Monadnock Music kicked off its 2012 season in fine fashion Friday evening with a compelling program paying homage to the trailblazing American choreographer Martha Graham. Now in its 47th year, MM has both a new artistic director and a new vision. Gil Rose, former artistic director of Opera Boston as well as the founder of the Boston Modern Orchestra Project, took the helm this past February and has crafted a diverse season of both chamber music and opera that significantly broadens the focus of recent years.
Opening Night 2012 took place in the capacious yet intimate confines of the Peterborough, New Hampshire Town House, which features the welcome juxtaposition of elegant historical architecture and very up-to-date conditioned air, not to mention an olde-fashioned ice cream truck at the curb. The latter two were especially appreciated on a rather warm and sultry summer’s evening. A large audience was treated to a four-piece program consisting entirely of works composed within the last 70 years. Three of these compositions were commissioned by Martha Graham; the fourth, created by a current MacDowell Colony Fellow. (In other words, he’s in residence just down the road a piece.)
Diversion of Angels, penned in 1948 by the long-lived American composer Norman Dello Joio (1913-2008), is not particularly well known, though it should be. Despite its title, this work, like all of the pieces on the program, spun a decidedly human tale as it explored the multifaceted (not to mention multicolored) expressions of love: red (erotic), white (balanced), and yellow (adolescent). The soundscape was soothingly consonant; evoked emotions ranged from dark to sensual to downright jumpy. The youthful players of the Monadnock Sinfonietta under the baton of Maestro Rose (who actually conducted sans baton) recreated this music clearly and precisely. Flutist Sarah Brady provided some especially well-crafted and pellucid passages, with pianist Linda Osborn-Blaschke contributing consistently graceful yet powerful underpinnings. Maestro Rose’s relaxed and flowing conducting style seemed to elicit a particularly smooth and silken sound from the instrumentalists.
Chinese-American composer Huang Ruo (born in 1976), currently in residence at the MacDowell Colony in Peterborough, provided the introductory remarks to his 2000 composition Yueh Fei, Chamber Concerto No. 1 for 8 Players. Based on a folk song depicting the life of Song Dynasty hero Yueh Fei (1103-1141 AD), this piece is an intriguing commingling of Western and Eastern musical vocabularies. It features an ear-tickling array of aural textures that kept percussionist Nick Tolle and his various mallets in perpetual motion as he deftly navigated all manner of drums, gongs, and other percussive paraphernalia. Violinist Charles Dimmock (also concertmaster of BMOP) bent and warped tones with reckless abandon; cellist Rafael Popper-Keizer adroitly fluttered myriad volleys of notes. An admirable and absorbing performance by all of the Sinfonietta players. The real kicker of this composition actually took place near its conclusion, when the instrumentalists had to don their choral caps and vocalize an ethereal series of notes, making for an unexpected and utterly riveting effect. This fascinating piece precipitated a lusty standing-O prior to intermission, compelling the composer to take a well deserved bow.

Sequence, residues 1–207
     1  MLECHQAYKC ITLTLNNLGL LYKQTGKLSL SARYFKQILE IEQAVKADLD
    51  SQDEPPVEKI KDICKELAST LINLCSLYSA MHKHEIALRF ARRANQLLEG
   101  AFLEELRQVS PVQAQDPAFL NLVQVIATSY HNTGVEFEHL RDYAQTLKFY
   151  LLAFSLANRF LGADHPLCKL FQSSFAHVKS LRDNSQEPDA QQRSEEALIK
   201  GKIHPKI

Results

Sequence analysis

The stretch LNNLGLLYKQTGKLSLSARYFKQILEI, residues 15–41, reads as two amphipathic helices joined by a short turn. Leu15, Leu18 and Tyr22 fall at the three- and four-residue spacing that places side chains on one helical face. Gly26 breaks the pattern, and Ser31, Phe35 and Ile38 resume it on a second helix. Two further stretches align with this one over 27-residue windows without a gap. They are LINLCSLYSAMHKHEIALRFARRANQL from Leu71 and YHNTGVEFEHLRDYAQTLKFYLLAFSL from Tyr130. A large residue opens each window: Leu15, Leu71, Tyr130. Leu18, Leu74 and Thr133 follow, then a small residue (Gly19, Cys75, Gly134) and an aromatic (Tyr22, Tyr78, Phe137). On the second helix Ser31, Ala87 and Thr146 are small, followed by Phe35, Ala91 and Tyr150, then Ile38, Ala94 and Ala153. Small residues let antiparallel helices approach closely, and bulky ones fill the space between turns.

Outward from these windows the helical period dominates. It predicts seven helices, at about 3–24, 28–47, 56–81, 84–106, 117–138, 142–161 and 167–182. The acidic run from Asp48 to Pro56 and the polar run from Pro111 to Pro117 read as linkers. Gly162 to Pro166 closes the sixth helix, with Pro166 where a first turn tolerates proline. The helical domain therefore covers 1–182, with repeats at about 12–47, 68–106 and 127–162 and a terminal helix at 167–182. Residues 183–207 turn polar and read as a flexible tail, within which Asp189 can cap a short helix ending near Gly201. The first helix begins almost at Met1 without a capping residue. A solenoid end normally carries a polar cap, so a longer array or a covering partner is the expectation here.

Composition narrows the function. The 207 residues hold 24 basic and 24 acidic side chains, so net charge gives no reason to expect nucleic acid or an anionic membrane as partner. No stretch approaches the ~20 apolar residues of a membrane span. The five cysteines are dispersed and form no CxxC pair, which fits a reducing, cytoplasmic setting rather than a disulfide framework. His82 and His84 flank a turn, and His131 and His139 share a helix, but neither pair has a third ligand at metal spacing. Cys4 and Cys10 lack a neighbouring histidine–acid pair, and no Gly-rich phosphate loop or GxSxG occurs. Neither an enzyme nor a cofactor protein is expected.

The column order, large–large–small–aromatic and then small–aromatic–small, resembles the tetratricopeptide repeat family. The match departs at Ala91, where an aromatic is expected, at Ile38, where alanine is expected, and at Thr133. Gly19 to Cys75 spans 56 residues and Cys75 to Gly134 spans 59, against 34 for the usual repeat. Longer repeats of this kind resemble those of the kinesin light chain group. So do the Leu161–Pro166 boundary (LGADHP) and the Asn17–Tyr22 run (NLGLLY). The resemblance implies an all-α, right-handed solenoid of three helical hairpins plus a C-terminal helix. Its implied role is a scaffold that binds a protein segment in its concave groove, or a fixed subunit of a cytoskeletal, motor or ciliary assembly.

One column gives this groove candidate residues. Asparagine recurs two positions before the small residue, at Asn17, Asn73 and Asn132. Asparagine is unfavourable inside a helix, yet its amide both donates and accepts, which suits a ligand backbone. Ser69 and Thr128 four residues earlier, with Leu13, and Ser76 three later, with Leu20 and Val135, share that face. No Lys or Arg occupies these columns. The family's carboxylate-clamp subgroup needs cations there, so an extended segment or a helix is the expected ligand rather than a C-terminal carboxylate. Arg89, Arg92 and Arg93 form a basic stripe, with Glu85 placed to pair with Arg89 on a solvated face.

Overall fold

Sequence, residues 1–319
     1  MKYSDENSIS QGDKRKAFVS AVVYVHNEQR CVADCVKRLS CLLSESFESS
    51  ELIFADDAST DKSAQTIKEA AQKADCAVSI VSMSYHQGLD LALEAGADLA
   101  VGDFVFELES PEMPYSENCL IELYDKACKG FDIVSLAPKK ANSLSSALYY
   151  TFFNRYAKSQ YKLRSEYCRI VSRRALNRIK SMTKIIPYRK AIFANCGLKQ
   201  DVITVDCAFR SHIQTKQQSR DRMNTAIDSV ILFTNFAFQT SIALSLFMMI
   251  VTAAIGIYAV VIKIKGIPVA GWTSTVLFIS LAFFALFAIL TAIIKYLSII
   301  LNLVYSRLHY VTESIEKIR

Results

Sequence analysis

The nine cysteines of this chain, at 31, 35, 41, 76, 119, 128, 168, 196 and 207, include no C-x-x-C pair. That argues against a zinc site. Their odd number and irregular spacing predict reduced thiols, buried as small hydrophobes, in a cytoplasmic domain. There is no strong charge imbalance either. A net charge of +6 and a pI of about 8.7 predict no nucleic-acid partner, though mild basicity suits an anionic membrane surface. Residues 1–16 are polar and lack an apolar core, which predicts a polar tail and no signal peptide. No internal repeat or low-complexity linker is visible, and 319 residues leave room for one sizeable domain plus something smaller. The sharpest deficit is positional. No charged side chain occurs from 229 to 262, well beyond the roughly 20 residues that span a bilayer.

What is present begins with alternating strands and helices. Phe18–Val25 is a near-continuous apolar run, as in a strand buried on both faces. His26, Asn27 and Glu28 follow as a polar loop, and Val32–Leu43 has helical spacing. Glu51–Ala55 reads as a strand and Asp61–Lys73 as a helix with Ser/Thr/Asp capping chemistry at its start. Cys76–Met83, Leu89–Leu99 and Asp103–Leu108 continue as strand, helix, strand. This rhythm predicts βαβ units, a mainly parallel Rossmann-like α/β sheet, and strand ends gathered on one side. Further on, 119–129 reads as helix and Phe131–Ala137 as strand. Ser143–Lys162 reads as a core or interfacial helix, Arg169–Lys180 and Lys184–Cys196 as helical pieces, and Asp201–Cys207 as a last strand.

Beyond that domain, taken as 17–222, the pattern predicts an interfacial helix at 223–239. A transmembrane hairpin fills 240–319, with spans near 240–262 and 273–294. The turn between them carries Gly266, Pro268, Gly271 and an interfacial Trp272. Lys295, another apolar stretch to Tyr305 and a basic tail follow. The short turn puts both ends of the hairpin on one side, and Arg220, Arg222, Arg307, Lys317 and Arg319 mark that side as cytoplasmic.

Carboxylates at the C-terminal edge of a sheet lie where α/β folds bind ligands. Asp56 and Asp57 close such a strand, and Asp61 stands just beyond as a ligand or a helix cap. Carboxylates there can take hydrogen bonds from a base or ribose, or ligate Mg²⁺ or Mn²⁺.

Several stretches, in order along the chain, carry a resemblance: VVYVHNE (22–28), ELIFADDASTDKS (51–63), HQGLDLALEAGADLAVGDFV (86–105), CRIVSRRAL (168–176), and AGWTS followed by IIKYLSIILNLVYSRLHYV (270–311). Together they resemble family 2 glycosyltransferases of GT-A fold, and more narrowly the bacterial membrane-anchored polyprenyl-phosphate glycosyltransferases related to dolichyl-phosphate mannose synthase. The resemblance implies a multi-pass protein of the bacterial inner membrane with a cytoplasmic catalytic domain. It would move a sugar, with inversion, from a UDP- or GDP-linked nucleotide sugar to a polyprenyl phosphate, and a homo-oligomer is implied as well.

The second half of the program was actually a recreation of sorts, as the final two pieces, both commissioned by Martha Graham, were first performed on the same evening in October, 1944. Hérodiade of Paul Hindemith (1895-1963) takes as its inspiration an unfinished poem by Stéphane Mallarmé; the subject matter is a dialogue between Salome’s mother Herodias and her nurse — admittedly more than mildly obscure, though the associated music was leagues more accessible. At times Poulencian, at times heroic, this auditory odyssey slowly builds in intensity, though it did seem to drift a bit and was perhaps a tad threadbare in sections. Interesting programmatic connection: Hindemith was actually one of Dello Joio’s composition teachers during the former’s 13-year stay in the U.S. in the 1940s and ‘50s.
Appalachian Spring, the iconic creation of the iconic Aaron Copland (1900-1990), certainly needs no introduction. This musical comfort food features a steady diet of fourths, fifths, and major triads, conjuring up images of wide open plains, simple country folk, and halcyon days gone by, viewing the past through the proverbial rose-colored glasses. (Quite literally in this case, given the evening’s conductor!) For this performance, Maestro Rose opted to present the entire original ballet score, as opposed to the somewhat edited version more commonly heard. Fascinating to pick up on the scattered unfamiliar bits and bobs. Rose and the Sinfonietta players concocted a vivid reading, immaculately rendered in a wash of earth tones. The strings seemed to play and breathe as one in a particularly airtight performance.
Monadnock Music’s next musical voyage has begun on a most successful note. It remains to be seen just what sorts of uncharted musical waters Captain Rose plans to explore.
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